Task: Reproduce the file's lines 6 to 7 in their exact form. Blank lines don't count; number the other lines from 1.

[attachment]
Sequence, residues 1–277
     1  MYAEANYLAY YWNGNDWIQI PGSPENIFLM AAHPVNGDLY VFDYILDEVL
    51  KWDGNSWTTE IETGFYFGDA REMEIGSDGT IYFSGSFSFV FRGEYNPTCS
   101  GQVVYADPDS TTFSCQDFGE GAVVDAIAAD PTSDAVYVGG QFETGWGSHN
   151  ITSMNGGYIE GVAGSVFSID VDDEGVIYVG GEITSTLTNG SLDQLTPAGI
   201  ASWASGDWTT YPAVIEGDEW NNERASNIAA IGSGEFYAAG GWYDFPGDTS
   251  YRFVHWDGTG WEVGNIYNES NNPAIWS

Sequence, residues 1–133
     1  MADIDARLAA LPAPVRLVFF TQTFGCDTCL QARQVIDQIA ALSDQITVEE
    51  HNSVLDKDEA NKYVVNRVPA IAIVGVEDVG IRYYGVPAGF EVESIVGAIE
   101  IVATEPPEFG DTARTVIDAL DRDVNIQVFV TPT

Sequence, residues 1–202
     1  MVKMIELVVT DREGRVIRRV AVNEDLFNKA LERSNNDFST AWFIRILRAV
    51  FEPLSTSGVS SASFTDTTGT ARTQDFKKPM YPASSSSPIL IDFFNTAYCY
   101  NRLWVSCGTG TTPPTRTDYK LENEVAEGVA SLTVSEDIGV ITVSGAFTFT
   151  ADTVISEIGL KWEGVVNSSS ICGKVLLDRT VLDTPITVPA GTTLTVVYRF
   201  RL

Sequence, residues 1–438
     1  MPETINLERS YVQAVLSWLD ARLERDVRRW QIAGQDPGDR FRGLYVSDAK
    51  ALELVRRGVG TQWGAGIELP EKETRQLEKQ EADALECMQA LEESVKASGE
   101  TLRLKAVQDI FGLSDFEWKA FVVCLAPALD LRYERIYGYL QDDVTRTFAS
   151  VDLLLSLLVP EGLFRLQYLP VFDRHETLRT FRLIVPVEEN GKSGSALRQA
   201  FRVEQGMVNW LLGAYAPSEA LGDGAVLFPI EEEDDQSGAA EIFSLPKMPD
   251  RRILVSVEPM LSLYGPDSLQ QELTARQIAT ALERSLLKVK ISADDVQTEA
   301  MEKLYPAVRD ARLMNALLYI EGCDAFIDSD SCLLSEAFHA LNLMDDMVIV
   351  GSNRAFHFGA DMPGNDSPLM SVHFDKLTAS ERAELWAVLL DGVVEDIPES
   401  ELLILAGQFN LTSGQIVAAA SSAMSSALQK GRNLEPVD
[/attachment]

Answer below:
   201  ASWASGDWTT YPAVIEGDEW NNERASNIAA IGSGEFYAAG GWYDFPGDTS
   251  YRFVHWDGTG WEVGNIYNES NNPAIWS